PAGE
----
I think retaining our youth starts with being honest about who we are. And our beautiful, fallible human enterprise of a religion blossoms with that honesty, as well. Now go and be good humans. ‘Cause that’s what Jesus would do (according to my self-righteous daughter, anyway).

Don’t Go To Church for Your Children

going to church

by Robin Bartlett

Many of you know that I go to church in the late afternoons in my neighborhood, and that I bring my children there with me. It’s too long a day for them here in Sherborn, so I don’t bring them here much. I’m here from 8:30 am-2:00 pm on Sundays, and I can’t mom and work at the same time. I’ve never been good at that. (Yes, I just made the word “mom” into a verb).

The church I go to is UCC. Theologically, it is both Unitarian and Universalist, in my humble understandings of those two theologies. These are two theologies that have taught me everything I know. They rest in my bones and in my heart as a life-long UU. That’s one reason why I love my UCC church, because it reflects the best of my own faith tradition and allows me to worship from that deep well.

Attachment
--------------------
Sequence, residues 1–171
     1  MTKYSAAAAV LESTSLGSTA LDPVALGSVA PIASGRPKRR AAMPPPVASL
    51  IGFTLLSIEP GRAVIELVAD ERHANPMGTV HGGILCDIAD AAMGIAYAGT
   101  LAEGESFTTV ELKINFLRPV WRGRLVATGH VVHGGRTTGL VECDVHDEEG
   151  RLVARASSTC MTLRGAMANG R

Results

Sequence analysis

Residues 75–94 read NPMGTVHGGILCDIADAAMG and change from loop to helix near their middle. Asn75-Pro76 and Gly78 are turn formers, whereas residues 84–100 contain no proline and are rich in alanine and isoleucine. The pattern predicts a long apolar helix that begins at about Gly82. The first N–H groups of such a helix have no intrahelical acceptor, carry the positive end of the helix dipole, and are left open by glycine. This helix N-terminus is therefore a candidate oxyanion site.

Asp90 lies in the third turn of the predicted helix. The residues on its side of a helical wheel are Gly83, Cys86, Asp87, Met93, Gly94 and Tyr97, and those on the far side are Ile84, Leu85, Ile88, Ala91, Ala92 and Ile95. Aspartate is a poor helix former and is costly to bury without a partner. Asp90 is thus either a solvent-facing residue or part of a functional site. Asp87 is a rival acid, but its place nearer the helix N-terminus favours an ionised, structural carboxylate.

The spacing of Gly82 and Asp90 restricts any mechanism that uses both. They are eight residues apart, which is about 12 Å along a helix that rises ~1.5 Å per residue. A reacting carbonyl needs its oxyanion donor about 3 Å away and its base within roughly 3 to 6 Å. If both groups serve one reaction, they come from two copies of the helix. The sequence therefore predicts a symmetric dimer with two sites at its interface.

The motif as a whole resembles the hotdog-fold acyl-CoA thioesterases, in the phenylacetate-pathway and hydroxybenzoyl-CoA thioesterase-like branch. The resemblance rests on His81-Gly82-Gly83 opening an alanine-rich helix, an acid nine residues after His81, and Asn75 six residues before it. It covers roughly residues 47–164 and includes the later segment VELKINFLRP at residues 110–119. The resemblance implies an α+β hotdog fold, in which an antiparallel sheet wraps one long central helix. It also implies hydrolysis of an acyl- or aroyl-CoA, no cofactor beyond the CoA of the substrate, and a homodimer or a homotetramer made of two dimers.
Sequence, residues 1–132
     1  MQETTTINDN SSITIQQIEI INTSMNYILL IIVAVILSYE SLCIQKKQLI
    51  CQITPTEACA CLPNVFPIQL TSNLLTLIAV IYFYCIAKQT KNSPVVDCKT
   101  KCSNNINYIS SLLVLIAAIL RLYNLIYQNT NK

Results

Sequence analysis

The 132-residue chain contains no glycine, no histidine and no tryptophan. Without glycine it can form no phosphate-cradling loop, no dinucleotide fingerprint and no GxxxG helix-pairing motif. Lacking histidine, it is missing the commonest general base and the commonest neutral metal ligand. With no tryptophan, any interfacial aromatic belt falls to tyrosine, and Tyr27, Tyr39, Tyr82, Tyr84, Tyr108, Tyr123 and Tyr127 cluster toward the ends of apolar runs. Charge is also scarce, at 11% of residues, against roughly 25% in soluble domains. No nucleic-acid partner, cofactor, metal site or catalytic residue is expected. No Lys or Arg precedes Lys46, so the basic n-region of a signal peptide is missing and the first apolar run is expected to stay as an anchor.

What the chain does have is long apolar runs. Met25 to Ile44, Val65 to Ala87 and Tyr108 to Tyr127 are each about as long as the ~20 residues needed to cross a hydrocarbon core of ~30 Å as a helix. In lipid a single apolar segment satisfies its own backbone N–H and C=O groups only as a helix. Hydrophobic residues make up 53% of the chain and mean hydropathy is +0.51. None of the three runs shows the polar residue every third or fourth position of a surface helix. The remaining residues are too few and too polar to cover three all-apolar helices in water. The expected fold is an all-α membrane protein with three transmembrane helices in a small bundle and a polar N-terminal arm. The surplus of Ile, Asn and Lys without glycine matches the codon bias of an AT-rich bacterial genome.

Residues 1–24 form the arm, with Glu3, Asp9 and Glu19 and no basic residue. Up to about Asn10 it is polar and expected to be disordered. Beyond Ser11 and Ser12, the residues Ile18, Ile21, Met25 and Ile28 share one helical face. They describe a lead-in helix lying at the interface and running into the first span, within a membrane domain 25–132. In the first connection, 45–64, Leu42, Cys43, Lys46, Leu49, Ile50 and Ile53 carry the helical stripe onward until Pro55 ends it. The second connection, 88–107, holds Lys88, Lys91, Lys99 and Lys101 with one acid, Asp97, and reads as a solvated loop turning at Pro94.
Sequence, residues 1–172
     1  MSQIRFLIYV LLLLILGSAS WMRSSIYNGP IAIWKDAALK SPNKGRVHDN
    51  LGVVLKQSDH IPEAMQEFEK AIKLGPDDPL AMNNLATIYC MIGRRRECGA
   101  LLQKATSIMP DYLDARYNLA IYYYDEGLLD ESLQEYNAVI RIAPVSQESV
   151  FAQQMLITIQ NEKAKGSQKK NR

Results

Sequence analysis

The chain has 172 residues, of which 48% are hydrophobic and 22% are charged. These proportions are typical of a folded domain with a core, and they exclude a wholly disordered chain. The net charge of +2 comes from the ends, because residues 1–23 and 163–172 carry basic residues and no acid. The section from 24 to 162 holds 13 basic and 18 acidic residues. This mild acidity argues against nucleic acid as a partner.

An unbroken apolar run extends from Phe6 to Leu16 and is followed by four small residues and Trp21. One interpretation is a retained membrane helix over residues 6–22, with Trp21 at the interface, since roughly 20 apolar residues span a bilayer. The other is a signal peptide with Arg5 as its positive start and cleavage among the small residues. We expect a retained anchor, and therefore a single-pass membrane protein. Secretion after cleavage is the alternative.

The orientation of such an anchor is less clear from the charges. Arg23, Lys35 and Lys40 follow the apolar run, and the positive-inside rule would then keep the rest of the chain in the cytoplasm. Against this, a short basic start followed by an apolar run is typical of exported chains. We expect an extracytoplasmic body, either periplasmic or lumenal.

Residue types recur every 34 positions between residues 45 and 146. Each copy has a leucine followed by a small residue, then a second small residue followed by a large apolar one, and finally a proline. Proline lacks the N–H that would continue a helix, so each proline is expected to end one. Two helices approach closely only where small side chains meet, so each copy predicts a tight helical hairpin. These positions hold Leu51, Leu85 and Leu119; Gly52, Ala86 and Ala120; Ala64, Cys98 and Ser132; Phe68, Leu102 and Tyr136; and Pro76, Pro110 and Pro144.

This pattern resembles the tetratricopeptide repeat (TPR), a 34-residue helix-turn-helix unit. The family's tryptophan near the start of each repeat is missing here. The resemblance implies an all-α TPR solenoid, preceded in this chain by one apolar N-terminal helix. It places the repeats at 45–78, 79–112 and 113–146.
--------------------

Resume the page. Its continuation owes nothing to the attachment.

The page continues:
And folks have asked me this before: “aren’t you worried that the church you are bringing your children to isn’t UU, so you aren’t, in effect, raising your children UU? Isn’t that a problem for a UU minister?” This is a good question. The question has many answers, but the first answer is this: I don’t go to church for my children. I go to church for me. Basically, as long as my kids are safe and there is sometimes childcare for the little ones, and there aren’t any sharp objects like rusty nails jutting out of the floor, and they are made to feel loved and known, that’s all I care about. I picked my church for entirely selfish reasons. 1) Because I need to worship on Sundays, and I can’t when I’m running an RE program. 2) Because this particular church gives me what I need from church: which is to say a reminder that I am not alone, that grace is real, that I am loved just as I am and that I am expected to repay the world with my love because I have been offered that grace. I am sure my kids get the same message, but they are completely secondary in my choice of churches.